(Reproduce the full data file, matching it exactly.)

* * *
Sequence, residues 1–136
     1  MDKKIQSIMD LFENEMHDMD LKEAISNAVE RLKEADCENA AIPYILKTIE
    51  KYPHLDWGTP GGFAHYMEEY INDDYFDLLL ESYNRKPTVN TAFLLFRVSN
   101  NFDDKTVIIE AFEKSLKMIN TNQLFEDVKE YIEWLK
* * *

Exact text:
Sequence, residues 1–136
     1  MDKKIQSIMD LFENEMHDMD LKEAISNAVE RLKEADCENA AIPYILKTIE
    51  KYPHLDWGTP GGFAHYMEEY INDDYFDLLL ESYNRKPTVN TAFLLFRVSN
   101  NFDDKTVIIE AFEKSLKMIN TNQLFEDVKE YIEWLK